“There’s the belief that all students are better served and equipped for leadership, community engagement and professional competitiveness in the global environment when exposed to diversified perspectives,” he said. “(This program) intends to increase our success in recruitment and retention of faculty who have historically been underrepresented – both nationally and here at our University.”
For Flores, the fellowship has afforded him the chance to focus on the most important person in the classroom.
“The reduced teaching load (of three courses per semester) combined with familiarity of the content and environment means you can spend more time on teaching,” he said. “You’re in a better position to add more value to students and do things like getting them more directly involved in the research process.”
Flores was finishing up his doctoral work in marketing at the University of Texas-El Paso and job-searching when he learned of the fellowship at MSU Denver. The program, which he began in fall 2017, seemed like a good fit. That proved to be case, as he’s parlayed the international business and marketing courses taught as part of the program into a tenure-track position beginning this January.
“There are formal and informal mentoring opportunities from faculty and through channels like the Center for Teaching, Learning and Design and Tenure-Track Supper Club,” he said. “You really feel like you’re set up for success here.”
Flores also noted the positive impact of connecting through lived experiences.
“I’ll have students come up after class, and we’ll have a conversation in Spanish,” he said. “They’ll say, ‘It’s cool to see you here and what you’re doing’ – that sets a good example of what’s possible.”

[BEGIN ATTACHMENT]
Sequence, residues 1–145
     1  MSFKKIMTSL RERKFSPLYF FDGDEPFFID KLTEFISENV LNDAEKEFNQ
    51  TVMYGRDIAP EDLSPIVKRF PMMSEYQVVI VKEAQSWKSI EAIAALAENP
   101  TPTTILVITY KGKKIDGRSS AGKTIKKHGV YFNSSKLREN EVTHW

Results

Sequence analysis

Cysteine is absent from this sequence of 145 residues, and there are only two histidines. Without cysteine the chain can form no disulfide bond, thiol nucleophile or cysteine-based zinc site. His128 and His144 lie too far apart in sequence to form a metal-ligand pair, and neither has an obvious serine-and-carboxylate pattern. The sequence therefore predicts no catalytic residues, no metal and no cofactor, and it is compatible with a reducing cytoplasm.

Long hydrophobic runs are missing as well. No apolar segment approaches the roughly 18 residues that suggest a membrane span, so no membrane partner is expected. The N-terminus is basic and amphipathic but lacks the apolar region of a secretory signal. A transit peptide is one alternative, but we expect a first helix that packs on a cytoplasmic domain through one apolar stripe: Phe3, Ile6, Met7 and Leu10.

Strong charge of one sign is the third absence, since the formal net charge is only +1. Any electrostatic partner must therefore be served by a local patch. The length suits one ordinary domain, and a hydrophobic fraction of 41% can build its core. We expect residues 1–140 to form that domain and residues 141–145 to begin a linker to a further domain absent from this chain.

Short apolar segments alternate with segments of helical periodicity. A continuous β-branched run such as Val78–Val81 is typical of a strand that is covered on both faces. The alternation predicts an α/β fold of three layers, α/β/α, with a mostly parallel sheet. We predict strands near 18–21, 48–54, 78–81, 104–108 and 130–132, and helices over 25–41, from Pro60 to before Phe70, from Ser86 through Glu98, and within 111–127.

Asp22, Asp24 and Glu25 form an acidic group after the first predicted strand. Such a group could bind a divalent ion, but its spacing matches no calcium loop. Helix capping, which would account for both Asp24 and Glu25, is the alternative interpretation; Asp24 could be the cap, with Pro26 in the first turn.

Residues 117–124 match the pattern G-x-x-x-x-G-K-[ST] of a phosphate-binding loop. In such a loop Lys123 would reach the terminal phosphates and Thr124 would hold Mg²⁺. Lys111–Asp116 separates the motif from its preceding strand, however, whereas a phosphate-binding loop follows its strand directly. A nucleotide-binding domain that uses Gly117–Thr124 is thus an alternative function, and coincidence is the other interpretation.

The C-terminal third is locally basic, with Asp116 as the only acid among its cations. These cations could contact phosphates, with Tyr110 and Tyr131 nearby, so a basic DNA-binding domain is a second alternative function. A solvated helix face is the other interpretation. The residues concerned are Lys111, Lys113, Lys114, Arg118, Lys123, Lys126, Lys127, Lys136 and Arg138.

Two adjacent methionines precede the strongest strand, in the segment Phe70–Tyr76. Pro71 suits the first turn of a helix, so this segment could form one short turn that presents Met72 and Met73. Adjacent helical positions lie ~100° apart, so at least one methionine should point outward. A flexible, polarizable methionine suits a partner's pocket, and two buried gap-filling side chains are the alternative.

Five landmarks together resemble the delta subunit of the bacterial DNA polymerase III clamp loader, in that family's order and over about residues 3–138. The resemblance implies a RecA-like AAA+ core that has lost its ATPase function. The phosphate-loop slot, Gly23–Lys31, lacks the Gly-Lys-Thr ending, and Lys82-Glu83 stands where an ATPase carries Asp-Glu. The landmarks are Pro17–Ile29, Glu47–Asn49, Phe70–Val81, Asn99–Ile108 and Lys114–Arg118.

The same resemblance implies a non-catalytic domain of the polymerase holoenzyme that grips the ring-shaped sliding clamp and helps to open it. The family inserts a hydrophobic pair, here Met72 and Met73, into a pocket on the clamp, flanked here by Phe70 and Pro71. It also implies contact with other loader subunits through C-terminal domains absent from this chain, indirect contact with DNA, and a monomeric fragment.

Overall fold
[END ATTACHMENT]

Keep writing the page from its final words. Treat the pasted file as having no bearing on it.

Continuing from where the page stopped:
The concept of using postdoctoral fellowships as a pipeline to diversify the faculty is not a new one. But few institutions combine it with a route into tenure-track positions, building an organic pipeline from the ground up.
In 2014-15, the Faculty Senate’s Diversity Committee, then chaired by Flemon, was exploring ways to recruit and retain faculty members, finding that traditional methods weren’t successfully working for historically underrepresented populations. This led to the development and drafting of the fellowship proposal in conjunction with Golich, ultimately presented to and approved by the Senate by a vote of more than 85 percent.
And when it came to naming the program, the choice was obvious.
“We want our faculty to reflect our students,” said Sheila Rucki, professor of political science and past president of the Senate during the fellowship’s formation. “With Wilton’s long-term passion for equity, it was something we realized we should recognize as an institution.”
Golich echoed these sentiments.